I find myself pursuing a Math degree with the sole purpose of having a degree. There are those that say I should drop out and start working now (as I've had opportunity to do), and there are those that say I should really finish my degree. I've made up my mind to go ahead with my degree for entirely different reasons than either camp tends to bring up, so please don't encourage me one way or another on that matter. Consider the issue "closed" :)

*DEEP BREATH* ...sorry this is longer than I anticipated.

This in essence, is my question:

  • How do I objectively determine what areas of study, general knowledge, and other skills I would have gained through a CS degree that I may or may not be lacking in now?
  • How do I sort these skills in order of most importance?

  • What is the best way (over the next two years) to supplement my education to attain those attributes in such a way to match or even surpass the level of a CS undergrad from a top university?

Here are the steps that I am taking already:

  1. Ask the development community (this post)
  2. Pursue mentorships with seasoned developers who share a similar career path with me
  3. Define short and long term "learning" goals and subsequent syllabi outlining topics of study
  4. Continue to write code and work on projects that I'm passionate about

If you've gotten this far, you deserve a cookie :) I appreciate you bearing with me.

So... development community, seasoned developers, fellow students who are in the same boat as me, what advice would you have?

Also... please do keep in mind my disclaimers at the top of this post about what I'm NOT asking for.

Update:

I realize that I did not provide very concrete parameters for what I deem a successful "answer" to my question(s). I think the question is very vague, and could warrant a number of "correct" answers.

After a reasonable amount of time I will select the answer that fits the following attributes:

  • Explains the why behind their answer
  • Can speak from some level of experience (be it hiring/interacting with or being someone who has/is in my shoes)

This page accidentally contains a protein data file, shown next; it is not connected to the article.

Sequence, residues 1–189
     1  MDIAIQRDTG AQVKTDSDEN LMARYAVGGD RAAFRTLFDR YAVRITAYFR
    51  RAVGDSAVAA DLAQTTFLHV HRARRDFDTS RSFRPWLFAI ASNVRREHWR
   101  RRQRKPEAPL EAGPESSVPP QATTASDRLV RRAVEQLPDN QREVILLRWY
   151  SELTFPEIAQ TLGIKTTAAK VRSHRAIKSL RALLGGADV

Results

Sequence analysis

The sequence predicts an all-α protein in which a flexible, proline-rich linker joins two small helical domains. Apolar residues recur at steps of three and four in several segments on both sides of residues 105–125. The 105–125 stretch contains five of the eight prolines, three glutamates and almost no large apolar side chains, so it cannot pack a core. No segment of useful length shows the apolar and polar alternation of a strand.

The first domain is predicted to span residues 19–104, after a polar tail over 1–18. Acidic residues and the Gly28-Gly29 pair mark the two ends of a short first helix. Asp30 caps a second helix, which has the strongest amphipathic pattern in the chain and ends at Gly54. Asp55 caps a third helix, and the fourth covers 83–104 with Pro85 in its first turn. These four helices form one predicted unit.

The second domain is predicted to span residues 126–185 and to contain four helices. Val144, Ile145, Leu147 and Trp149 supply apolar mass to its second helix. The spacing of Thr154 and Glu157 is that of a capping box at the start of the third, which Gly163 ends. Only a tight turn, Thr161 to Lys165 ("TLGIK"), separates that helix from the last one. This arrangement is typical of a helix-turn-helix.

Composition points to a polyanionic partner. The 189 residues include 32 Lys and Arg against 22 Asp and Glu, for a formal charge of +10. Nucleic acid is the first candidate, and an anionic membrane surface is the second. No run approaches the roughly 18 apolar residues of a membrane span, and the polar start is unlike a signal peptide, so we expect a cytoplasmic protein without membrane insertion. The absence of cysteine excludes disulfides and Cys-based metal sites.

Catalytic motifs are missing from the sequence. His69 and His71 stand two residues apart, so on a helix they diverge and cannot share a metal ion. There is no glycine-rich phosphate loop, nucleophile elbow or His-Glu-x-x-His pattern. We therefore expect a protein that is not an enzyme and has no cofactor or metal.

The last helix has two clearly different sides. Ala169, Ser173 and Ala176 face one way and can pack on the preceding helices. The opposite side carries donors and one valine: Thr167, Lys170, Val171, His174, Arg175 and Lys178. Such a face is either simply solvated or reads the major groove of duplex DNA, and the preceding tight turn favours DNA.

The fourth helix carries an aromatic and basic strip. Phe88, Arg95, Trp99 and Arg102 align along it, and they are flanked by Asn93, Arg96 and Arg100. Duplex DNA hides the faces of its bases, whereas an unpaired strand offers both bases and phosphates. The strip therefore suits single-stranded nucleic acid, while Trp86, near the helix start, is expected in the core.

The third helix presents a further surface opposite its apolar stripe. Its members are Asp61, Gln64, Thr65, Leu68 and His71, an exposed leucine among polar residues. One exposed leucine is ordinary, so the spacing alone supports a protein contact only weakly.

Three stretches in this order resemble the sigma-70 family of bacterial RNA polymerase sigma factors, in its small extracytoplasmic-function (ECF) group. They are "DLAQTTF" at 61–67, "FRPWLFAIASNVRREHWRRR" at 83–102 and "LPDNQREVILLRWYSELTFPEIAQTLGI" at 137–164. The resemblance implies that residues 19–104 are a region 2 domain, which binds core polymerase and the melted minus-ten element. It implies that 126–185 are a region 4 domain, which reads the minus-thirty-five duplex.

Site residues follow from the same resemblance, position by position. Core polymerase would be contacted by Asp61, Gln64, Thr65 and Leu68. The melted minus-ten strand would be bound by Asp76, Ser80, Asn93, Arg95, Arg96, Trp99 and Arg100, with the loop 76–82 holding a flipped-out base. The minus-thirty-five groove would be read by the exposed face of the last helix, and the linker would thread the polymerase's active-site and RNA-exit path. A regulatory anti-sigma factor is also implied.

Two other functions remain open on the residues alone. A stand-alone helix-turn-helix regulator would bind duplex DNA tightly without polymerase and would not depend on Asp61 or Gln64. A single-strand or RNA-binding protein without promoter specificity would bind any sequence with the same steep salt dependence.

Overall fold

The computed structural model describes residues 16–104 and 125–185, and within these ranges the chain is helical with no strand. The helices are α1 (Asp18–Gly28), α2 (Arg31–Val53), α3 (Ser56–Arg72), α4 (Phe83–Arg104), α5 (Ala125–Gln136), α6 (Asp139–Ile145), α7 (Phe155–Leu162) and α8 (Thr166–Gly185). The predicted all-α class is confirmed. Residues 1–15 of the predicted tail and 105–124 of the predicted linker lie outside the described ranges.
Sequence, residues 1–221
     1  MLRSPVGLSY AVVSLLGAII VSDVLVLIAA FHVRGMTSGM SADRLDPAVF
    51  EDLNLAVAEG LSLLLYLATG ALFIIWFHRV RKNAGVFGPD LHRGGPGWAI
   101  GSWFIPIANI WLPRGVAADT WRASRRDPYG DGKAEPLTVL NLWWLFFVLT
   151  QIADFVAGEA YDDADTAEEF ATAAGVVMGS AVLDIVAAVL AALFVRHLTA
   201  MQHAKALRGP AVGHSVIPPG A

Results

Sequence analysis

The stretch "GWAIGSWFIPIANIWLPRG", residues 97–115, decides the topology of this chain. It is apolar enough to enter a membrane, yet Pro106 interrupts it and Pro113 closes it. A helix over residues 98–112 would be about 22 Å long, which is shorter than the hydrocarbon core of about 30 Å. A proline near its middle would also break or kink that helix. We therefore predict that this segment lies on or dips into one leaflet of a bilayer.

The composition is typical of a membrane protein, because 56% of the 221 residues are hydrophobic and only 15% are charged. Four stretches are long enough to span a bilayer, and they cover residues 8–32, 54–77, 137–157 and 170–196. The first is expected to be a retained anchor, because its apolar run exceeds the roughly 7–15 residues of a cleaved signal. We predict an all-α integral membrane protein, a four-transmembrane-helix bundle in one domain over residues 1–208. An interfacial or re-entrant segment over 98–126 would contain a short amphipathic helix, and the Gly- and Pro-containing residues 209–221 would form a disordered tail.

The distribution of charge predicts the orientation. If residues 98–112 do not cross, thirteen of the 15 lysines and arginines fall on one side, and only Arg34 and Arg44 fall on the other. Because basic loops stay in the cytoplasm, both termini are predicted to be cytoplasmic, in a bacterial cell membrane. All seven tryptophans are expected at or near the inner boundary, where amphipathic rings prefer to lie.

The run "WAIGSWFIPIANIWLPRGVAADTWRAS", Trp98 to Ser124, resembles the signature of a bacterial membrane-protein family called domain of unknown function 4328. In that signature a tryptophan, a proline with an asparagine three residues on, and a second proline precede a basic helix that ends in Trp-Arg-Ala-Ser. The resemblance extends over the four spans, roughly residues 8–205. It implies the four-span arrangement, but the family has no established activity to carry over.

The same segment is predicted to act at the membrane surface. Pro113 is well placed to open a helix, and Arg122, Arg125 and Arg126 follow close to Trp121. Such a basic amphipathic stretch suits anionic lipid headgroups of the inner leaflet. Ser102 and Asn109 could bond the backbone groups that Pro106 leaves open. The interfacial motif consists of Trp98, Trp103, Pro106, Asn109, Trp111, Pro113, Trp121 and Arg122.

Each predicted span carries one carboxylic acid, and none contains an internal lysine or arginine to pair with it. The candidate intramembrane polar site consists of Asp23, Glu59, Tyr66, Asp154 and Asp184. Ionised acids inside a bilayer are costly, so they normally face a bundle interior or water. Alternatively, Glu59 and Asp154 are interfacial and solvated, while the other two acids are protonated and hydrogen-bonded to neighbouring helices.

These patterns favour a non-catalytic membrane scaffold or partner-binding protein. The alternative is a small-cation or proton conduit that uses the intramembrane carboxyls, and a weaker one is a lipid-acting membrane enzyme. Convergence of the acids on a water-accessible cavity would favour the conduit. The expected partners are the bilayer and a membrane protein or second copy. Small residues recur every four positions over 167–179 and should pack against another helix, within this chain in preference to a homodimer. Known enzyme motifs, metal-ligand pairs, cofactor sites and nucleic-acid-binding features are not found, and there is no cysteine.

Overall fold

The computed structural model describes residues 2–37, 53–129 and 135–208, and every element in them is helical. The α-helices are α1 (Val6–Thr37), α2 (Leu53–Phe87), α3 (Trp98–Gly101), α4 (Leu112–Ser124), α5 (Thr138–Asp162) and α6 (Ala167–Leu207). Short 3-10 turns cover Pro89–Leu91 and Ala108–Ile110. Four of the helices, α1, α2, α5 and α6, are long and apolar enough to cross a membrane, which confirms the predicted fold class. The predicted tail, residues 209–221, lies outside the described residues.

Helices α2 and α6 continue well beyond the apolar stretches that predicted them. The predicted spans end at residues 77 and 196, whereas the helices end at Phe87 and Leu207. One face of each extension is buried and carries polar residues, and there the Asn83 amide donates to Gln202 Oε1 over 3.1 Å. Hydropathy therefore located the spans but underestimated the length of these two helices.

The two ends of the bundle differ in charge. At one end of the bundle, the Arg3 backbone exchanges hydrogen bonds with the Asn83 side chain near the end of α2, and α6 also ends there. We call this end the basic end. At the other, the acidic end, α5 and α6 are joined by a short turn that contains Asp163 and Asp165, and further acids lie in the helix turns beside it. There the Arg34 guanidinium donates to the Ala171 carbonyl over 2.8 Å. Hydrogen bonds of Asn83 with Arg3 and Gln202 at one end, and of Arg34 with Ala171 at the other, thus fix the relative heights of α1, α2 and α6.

• Is concise but thorough, gives broad principles preferably coupled with specific examples
  • Lastly, considering the length that matching the above would seem to require, please make it a good well communicated answer that's pleasant to read. Others who may be interested in this in the future I would hope would be entertained as well as educated by the response.

So there are some parameters for "correct". They're very high I think, but I've designed them as kind of an outline for what I envision the "best" answer would be. Obviously given enough time I'll select the closest matching response as the "answer".


(1) - I worked on a prior version of this website, and while we did not have an explicit 
      conversation about it, I felt that I was not able to do very well at all (this can be 
      evidenced by the fact that they have since changed their website entirely)
(2) - Firstly, yes, it's a real product (even though I'm writing this post in Chrome...), and
      it kicks ass. Secondly, I was a high school intern developer in test, wrote proof of 
      concept code for some of the new features for IE8... so it was a while ago.
(3) - At the time of this posting I am the developer who wrote this app, I am no longer
      responsible for it's code base
(4) - My internship will start in June of 2012, and I'll be working in the Web Store 
      team.
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The world needs more programmers with a math degree. Nuff said. –  Pieter B Apr 24 '12 at 10:01
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The market for psychologists and other individual consulting or advice giving services must be huge. I am contemplating changing jobs .... –  Ingo Apr 24 '12 at 10:31
16  
Start by editing this question and cut it in half. –  JeffO Apr 24 '12 at 12:06
8